A new chance for constructive unity in Momentum

Submitted by SJW on 9 January, 2017 - 3:31 Author: Simon Nelson

Workers' Liberty welcomes the statement “Momentum – a way forward”, circulated online by around 50 members of Momentum, including Steering Committee member Michael Chessum. It "call[s] on all in Momentum – both the central office and our fellow members and supporters – to focus our energies on active, outward-facing campaigns and initiatives"
"Momentum - a way forward"

It proposes conciliation to restore unity and the ability to "tolerate difference, tension and contradiction" in Momentum. It wants "a mixed democratic system for Momentum, which blends together delegate and online systems". It suggests that the Momentum conference set for 18 February should be delayed; but says it will be "a disaster for Momentum if the National Conference is cancelled".

This initiative could be a lever to bring about what we have called for since writers such as Paul Mason, Owen Jones, and Laura Murray raised an outcry, online and in the mass media, against Momentum's 3 December committee decisions: a chance "to talk quietly without media-provided megaphones and howling about sabotage, to discuss what adjustments or compromises can best keep Momentum on the road". "Those who disagree with the decisions at the National Committee should discuss within Momentum: on our side, they will find no closed doors, and a strong will for unity".

Workers' Liberty has since the beginning of Momentum argued for it to have the active campaigning orientation which the new statement favours. We have worked to promote Momentum campaigning on a range of issues: we were some of the key motivators in setting up Momentum NHS; we took the lead in Momentum Youth and Students to push for Momentum to be active for freedom of movement.

The Way Forward statement says: “The current date for the Conference is too soon. It does not allow for local deliberative democracy to decide delegates and motions. Most groups cannot organise that quickly and most people cannot attend a face-to-face meeting in the next three weeks.”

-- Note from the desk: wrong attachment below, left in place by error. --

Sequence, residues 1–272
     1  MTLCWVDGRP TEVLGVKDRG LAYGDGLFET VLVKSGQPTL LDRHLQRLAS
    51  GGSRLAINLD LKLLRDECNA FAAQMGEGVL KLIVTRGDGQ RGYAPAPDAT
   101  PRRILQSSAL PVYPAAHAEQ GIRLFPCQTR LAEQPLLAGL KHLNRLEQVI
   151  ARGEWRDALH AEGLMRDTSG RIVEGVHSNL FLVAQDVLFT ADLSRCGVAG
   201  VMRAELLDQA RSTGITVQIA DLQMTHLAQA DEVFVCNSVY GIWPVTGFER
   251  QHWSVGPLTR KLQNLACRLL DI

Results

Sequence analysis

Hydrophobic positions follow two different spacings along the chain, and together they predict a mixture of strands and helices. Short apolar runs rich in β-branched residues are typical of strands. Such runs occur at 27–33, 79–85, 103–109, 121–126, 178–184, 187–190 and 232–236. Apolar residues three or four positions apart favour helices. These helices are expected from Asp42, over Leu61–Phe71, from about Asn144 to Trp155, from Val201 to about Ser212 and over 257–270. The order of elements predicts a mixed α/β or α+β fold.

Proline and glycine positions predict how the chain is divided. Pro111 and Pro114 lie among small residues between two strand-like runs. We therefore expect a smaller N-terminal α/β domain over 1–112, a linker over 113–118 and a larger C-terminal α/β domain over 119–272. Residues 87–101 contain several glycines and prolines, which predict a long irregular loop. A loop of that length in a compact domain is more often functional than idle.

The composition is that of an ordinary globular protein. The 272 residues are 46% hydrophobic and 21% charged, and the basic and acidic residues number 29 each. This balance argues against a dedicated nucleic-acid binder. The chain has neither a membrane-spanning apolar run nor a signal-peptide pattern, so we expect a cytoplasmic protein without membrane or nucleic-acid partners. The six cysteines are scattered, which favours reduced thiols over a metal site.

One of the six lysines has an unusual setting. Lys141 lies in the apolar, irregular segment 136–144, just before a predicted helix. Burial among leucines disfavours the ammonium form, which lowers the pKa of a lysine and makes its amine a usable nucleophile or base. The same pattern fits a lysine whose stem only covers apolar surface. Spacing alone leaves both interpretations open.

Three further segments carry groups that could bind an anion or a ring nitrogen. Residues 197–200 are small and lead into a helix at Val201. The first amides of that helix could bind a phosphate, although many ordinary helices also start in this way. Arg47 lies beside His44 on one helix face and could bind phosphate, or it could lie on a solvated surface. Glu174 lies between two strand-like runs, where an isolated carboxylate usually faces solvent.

True, a conference organised starting from now, with a deadline of 28 January for motions and very limited time for people to meet and choose delegates to send to an as yet unnamed city, is likely to be a shambles. Despite the best efforts of the Conference Arrangements Committee, the Momentum office has not provided the resources needed to get a conference functioning. Whatever about that, the problems are a fact. If we are to postpone conference, then a new date must be set now. As the Way Forward statement says, it will be "a disaster for Momentum if the National Conference is cancelled" or postponed indefinitely.

Some people in Momentum have presented the current problems as a deadlock between those who support the mandate and decisions of the National Committee, in this case a delegate-based conference, and an allegedly hostile “wider membership” who feel disengaged and unable to contribute to the debate.

We do not accept that decisions made by local groups, including the committees that are elected from them, are exclusionary or seek to disenfranchise Momentum members who are not currently active. We agree that Momentum should remain united and focused on transforming the Labour Party.

That means Momentum must have some definite policies that it can take into the Labour Party, and must have the capacity for its elected conferences and committees to take decisions which will be carried out, rather than vetoed or ignored, by the office staff. Momentum should be defending freedom of movement, and not leaving Diane Abbott and Jeremy Corbyn alone to fight for this principle against a growing anti-immigrant outcry from the right wing and even from some Corbyn-supporting MPs.

The Way Forward statement also says, rightly: “The survey sent out [by the Momentum office on 20 December] with a covering email from Jeremy Corbyn... failed to recognise the National Conference and to present compromise positions. It should not be used as the basis for any decision making". The survey – of which results will be released shortly, perhaps? we don't know - was an ill-judged manoeuvre to overturn a democratically-made decision of the National Committee.

Michael Chessum says he will be formulating a hybrid proposal incorporating delegate meetings and some online voting. The draft constitution which we are inclined to support, circulated by steering committee member and FBU General Secretary Matt Wrack and National Committee member Nick Wrack, allows for the election of officers by an OMOV vote and gives provision for local groups to decide their motion to the national conference through an OMOV vote of the local group members.

Other "hybrids" are surely possible which will retain a basic democratic facility for Momentum to develop, vote on, and act on collective majority opinions formulated through discussion, rather than just being a phone-bank database "consulted" from time to time by the office staff in plebiscitary fashion - for democratic decisions made by elected committees to have right of way.

We are open to discussion with all wings of Momentum activists to help the elected committees resolve the current difficulties in a constructive way.

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